Android 12 Beta ThemingSource: Google

Google I/O is shaping up to be a pretty big deal, and mixed in with all the other announcements is a single feature that comes along with Android 12 that is even better than what we could have hoped for — Approximate Location Permissions.

Even the best Android phone can be pretty bad when it comes to leaking out your location through the apps you install. Sometimes you want an app to know where you are, but rarely do you need an app to know exactly where you are in real-time.

How this works isn't anything groundbreaking. You can already tell your phone whether to get precise measurements or coarse measurements when it comes to your location, but it's mostly an all-or-nothing affair since it's a system setting. And the ability for a developer to use your coarse location has been around for a while, too, but this is the first time we're seeing a specific application-level permission that Google plans to enforce.

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Precise Approximate Location GoogleSource: Google

As Jules Polonetsky, CEO of the Future of Privacy Forum, reminds us, this is an important step when it comes to our privacy.

"By providing a less granular option, apps will be able to provide the kind of functionality that's relevant but not actually get the precise mapping that is what is most risky. It's highly risky when sharing a detailed map of everywhere you go, then I really learn about what sort of locations you visit."

In other words, the difference between the two types of location is significant when it comes to our privacy but is insignificant for any app that needs to get your location. Let's use the Walmart app as an example.

If you have the Walmart app installed, it is much more useful if it knows you're potentially visiting a Walmart in person. It knows to show you relevant coupons or display pharmacy hours or give you any other kind of information you need to know when you're near a Walmart. Near being the keyword here.

Walmart doesn't need to know the moment you walked into the store to help you shop.

Walmart doesn't really need to know you're walking in the door, and it definitely doesn't need to know what aisle you're in. If you have precise location enabled in your settings because you want really good navigation instructions in your maps app, that's the location information Walmart would normally get because of this all-or-nothing setting.

With the new arrangement, you can decide that Walmart only needs coarse location in order for the app to work well. Developers are going to be forced to support this, and while I'm not too keen on giving Google any more power, when it comes to the privacy on the entire platform, I can make an exception.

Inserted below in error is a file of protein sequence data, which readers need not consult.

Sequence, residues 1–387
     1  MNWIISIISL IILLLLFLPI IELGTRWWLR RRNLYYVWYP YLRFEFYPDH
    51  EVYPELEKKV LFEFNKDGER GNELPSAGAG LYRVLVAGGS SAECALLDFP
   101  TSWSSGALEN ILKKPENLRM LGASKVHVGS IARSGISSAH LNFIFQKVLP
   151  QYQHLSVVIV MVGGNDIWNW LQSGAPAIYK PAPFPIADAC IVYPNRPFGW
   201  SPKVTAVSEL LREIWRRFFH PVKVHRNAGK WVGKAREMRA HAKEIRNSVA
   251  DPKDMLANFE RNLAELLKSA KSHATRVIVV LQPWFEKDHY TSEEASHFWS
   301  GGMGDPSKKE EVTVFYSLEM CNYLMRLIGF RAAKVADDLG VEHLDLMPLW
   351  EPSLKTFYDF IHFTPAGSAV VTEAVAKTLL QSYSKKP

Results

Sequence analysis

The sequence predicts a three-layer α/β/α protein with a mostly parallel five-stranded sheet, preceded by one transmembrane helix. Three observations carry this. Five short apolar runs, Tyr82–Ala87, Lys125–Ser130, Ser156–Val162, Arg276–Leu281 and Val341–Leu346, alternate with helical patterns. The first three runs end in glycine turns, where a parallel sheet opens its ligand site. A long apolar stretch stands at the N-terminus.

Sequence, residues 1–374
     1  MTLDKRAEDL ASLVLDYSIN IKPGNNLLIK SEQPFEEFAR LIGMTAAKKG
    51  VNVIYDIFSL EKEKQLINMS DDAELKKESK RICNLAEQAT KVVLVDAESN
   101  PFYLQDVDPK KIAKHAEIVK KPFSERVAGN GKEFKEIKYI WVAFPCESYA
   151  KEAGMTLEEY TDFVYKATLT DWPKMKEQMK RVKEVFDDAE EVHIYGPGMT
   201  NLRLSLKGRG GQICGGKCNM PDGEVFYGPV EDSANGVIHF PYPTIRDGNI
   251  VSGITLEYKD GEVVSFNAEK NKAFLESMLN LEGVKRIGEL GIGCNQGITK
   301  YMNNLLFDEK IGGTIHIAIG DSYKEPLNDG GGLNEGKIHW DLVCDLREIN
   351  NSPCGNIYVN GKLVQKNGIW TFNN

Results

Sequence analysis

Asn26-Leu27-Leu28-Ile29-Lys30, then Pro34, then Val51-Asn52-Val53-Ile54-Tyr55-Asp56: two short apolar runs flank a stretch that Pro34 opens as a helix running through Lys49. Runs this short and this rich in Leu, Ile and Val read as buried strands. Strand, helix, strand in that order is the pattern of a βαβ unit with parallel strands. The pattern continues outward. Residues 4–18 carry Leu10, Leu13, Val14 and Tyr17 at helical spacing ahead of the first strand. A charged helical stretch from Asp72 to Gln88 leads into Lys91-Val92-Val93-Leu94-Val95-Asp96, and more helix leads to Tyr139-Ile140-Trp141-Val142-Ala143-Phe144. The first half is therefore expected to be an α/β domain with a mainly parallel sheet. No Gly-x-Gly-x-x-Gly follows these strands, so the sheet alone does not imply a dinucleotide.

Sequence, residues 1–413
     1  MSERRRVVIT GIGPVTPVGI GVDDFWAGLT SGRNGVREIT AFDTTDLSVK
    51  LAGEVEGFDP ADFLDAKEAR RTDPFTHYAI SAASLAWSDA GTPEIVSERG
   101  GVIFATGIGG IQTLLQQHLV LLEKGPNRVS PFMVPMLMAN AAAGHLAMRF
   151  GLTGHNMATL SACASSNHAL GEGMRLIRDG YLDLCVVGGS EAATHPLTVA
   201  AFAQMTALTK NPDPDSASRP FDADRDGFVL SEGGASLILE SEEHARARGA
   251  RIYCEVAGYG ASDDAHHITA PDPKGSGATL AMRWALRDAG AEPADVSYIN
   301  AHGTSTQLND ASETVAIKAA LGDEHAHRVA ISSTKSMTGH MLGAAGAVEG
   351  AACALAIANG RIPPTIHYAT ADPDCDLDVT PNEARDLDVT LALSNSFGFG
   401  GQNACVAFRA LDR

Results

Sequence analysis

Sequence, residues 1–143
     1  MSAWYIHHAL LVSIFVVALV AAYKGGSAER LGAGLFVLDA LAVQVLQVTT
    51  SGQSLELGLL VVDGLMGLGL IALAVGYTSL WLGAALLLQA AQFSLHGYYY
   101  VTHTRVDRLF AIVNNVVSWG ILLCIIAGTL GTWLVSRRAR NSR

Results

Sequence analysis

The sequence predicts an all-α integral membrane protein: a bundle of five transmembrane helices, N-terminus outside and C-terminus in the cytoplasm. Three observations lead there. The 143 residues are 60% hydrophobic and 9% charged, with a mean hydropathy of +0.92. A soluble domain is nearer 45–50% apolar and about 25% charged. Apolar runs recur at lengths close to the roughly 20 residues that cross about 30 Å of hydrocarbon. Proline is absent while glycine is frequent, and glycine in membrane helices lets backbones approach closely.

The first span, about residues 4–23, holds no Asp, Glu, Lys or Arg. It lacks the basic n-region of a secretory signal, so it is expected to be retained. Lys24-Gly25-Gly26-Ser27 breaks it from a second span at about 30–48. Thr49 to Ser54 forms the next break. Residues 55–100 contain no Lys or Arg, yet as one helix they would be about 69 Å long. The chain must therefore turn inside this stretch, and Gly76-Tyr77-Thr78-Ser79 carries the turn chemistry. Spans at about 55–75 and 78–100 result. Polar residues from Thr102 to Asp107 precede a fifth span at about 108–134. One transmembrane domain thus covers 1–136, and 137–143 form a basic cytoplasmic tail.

Things go a step further when you can't really think of a reason why an app needs your location, but it just doesn't work correctly unless you allow it. Right now, you have two options — deny the permission and live with a broken app or allow it and wonder who is tracking you and why. Neither is a good experience.

12 Approximate Location PermissionSource: Google

And you might want to think about it before you just start tapping yes or allow. For every app that has a legitimate need for your location, there is another that only wants it because an online ad component requires it. If you're leery about an ad company that wants to know where you are even though it's not doing anything of use to you with that data, you're not alone. We've all heard stories about how so many different companies make money by selling things like customer location data.

We've decided that we are OK with giving our personal data away in exchange for free apps, and there is no going back.

There is no way to use a smartphone without sharing at least some of your personal data. That ship has sailed, and since the model of having "free" apps that harvest information about you is what's become popular, any tools that can curtail even a little bit of it are more than welcome.

As Google continues to move the target for new apps and updates in Google Play away from ancient versions of the operating system, more of us will benefit from changes like this one. It doesn't magically make your phone a private bastion of your personal data, but every baby step is welcome.